Wednesday, August 09, 2006

Defining What's Best

We talk about the "best publisher" a lot, and everyone loves a "top ten" list or various prestige rankings, and this information can be useful for understanding the market and what others think of publishers.

But, the truth is, and you're probably seeing hints of it already from the responses to the three questions, there is no absolute best publisher. There's a best publisher for you, and a best publisher for me, and a best publisher for Emily and a best publisher for Barrie and a best publisher for Kis. And they could all be different. Or overlap somewhat, and differ somewhat. But there is no absolute "correct" answer.

And that's what makes it tricky to figure out where to submit your work. You need to figure out who would be a good match for you, not for me or Emily or Barrie or Kis.

So, how do you do that? First, you need to figure out what's important to you. For the purpose of this discussion, you can choose three things. Barrie and Kis have suggested in their goals some things that are important to them. Probably everyone's going to mention money, so I'm going to take that off the table for now, because it's universal (although the exact ranking may vary, and we'll talk about that later).

For now, I'd like to hear from everyone (in comments or a separate blog post) about the three things (yeah, I just love the number three) that matter to you when choosing a publisher. I'm not going to give you any suggestions just yet for the possibilities, because I don't want to narrow the options. I'm looking to get more insight into all the issues you may be trying to juggle.

So, what are the three things (other than huge bucketloads of money) that, in the best of all possible worlds, you'd want your ideal publisher to offer you? What three things would convince you to sign on the dotted line if you had multiple offers?

5 comments:

emily_veinglory said...

1) Sales. I want to sell a lot fo coies and be read by a lot of people. This is reslted to but different from money per. se.

2) An ongoing relationship with an editor I respect. Someone who doesn't just take the books and publish them--but dialogue with me throughout planning and writing, andd edit in a way that teaches me more abnout how to write in this genre. I want to have a two-way relationship that encourages and improves my writing.

3) Niche. I want my books to be on a catalogue with other books in that niche. I want to have a 'feel' for the publisher and how they differ from all the other guys. This can include the look, the sub-genres, and nay specific kind of vision they have... preferably resalting to specific people who run the company not just an 'pretty but generic' website brand. If I really support their approach and feel good about it, sales levels become lesss important.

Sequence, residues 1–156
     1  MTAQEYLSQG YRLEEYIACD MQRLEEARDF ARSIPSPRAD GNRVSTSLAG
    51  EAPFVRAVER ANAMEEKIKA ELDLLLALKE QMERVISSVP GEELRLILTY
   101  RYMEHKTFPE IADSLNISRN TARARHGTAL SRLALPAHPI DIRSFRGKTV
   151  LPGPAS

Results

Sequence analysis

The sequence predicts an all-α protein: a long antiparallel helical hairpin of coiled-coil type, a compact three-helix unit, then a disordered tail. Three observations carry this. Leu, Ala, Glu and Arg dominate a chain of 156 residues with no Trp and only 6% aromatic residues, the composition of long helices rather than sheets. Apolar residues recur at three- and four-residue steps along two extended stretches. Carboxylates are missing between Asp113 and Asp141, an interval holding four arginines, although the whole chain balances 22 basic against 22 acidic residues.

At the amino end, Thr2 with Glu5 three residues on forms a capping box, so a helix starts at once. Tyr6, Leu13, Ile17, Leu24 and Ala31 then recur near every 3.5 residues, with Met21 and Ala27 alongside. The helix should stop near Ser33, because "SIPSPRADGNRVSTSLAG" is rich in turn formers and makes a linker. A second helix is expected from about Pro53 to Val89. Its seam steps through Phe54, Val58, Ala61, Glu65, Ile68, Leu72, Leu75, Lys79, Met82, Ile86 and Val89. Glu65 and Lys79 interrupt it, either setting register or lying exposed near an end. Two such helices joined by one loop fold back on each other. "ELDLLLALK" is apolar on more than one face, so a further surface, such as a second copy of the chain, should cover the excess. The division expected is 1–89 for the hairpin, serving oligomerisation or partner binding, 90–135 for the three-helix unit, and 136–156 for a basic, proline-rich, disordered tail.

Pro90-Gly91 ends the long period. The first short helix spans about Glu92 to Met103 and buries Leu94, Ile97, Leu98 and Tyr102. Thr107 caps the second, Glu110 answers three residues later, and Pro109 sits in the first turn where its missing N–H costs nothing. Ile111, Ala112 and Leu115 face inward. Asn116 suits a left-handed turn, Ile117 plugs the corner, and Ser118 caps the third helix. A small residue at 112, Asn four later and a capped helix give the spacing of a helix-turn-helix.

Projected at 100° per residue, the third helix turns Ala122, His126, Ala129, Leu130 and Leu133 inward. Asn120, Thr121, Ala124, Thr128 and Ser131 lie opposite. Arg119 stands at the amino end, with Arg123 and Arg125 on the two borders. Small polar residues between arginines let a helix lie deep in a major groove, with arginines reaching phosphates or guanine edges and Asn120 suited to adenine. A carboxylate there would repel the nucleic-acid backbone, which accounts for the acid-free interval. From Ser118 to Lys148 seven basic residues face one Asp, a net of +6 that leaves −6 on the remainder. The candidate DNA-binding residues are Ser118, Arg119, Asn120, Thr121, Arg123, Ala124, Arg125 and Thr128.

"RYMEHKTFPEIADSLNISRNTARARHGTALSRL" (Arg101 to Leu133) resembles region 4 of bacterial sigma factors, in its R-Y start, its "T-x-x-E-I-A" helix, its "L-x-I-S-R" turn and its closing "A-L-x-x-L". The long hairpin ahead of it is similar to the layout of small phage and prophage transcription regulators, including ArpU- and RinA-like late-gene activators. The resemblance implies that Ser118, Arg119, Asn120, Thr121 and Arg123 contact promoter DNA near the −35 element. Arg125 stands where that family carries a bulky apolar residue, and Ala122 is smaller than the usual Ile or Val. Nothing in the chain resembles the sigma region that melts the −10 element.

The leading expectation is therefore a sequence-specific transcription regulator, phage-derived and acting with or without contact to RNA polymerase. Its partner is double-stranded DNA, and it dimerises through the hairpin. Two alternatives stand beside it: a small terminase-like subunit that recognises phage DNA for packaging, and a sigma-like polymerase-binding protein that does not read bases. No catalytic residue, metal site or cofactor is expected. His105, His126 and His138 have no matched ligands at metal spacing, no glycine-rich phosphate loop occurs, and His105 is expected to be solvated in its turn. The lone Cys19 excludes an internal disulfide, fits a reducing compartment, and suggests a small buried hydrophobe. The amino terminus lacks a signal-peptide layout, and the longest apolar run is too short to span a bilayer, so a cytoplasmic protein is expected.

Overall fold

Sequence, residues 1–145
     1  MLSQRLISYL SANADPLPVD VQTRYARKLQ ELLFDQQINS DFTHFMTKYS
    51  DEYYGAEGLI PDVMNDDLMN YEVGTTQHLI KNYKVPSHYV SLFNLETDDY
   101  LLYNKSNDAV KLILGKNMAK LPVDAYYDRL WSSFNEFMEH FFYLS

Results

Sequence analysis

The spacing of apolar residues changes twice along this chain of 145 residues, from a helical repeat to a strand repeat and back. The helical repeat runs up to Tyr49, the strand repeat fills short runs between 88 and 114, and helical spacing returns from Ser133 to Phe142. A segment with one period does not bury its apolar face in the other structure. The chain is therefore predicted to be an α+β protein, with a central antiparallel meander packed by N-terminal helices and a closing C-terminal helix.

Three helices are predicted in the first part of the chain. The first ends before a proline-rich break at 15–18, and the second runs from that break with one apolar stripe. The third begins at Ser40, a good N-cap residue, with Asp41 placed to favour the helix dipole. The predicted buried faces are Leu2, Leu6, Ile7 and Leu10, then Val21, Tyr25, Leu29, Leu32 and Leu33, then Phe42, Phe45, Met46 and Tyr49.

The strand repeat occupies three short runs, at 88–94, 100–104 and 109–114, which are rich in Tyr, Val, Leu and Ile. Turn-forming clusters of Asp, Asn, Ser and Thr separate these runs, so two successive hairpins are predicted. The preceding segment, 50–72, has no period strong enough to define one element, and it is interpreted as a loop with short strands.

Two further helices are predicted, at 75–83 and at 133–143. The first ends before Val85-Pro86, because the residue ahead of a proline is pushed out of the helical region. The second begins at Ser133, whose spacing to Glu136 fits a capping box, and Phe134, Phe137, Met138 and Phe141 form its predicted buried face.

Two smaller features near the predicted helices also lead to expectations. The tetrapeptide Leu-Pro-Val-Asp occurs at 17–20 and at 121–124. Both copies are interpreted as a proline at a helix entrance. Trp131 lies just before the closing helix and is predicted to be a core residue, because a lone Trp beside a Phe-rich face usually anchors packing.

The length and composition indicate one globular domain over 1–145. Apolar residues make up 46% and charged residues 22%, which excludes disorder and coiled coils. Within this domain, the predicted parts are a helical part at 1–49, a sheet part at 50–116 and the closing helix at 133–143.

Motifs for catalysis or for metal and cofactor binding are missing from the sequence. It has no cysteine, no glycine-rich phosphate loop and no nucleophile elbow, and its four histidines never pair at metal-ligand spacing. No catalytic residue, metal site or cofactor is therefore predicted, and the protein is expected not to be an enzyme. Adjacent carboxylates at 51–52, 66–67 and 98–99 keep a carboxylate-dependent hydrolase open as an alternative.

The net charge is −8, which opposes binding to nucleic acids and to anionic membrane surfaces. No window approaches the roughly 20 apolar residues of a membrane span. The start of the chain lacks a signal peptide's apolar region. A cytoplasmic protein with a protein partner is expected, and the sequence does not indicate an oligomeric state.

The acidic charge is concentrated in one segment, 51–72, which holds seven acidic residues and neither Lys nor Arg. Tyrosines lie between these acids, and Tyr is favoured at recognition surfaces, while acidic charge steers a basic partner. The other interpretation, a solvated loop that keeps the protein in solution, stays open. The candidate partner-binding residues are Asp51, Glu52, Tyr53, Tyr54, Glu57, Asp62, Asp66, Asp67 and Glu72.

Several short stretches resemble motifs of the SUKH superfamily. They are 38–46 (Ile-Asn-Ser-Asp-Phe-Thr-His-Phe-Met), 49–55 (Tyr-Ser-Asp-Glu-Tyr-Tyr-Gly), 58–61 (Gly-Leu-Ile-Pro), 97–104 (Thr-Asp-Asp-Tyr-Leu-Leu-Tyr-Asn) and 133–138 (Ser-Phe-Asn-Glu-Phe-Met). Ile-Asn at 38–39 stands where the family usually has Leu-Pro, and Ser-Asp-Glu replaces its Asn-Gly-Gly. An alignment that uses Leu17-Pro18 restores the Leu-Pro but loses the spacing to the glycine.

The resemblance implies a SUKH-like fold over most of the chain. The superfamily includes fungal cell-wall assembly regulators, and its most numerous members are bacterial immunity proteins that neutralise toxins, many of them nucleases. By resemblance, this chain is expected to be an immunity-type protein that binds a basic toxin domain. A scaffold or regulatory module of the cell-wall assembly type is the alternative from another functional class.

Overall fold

p.s. I am taking for granted that only honest company's with a basic level of ability are even in the running--lacking any glaring 'problems.'

emily_veinglory said...

urk--sorry for all the typos. Now you know ehat my editor has to put up with ;)

Kis Lee said...

I love your questions, because they really make me think. :)

here's my top 3 (random order):

1) A solid promotion/marketing team - I realize (now) that epublished authors need to be active when it comes to marketing their work. Still it's helpful when there is a separate marketing team/staff to help newbie authors. That way you don't have to always ask advice from the editorial staff or other authors.

1a) Ideally the publisher would take care of a substantial portion of the promotion/marketing. I don't expect them to do all of it, and I would do my fair share. If they have a full-time marketing staff who takes care of a lot of the details, that would be a dream.

2) Top-notch editors, cover artists, and other staff - It should be a given, but I know that the talent level varies from publisher to publisher. When I first started out, I had a minor problem with a flakey [insert title]. It almost turned me off the erotic romance scene entirely.

Can I still get the bucketloads of money?

Stella Price said...

this is a great queston!

1. great relationship with publisher/editors. When publishers play favorites and dont deliver for everyobody on their roster it leaves a bad taste in my mouth. All your authors are important, not just your top sellers, and a publisher that makes strides in keeping up with ALL their authors has my vote.

2. Selling. I want to sell huge, and Em's right, that dosent really equate to buckets of money, but i would like to have a fanbase and following. Without your public your just writing to get the words down.

3. Coverart. Coverart is very important. Lets face it, people do judge a book by its cover. Im a stickler for our covers being beautiful and unique (like our books) but they have to be Bookstore worthy. if i can picutre the cover on a shelf and think.. ooh im picking that up? its in

Thats my top three...

Stella

Barrie Abalard said...

I think I'm going to echo the crowd, here. :-)

Assuming the money offers were exactly the same, my priorities become:

1. A favorable contract, especially in the options clause(s). None of this, we own the rights to everything till the Second Coming.

2. An editor who treats me with respect and as a professional.

3. Great cover art.

And, of course, sales. This is a business, not something I do just for fun.

Barrie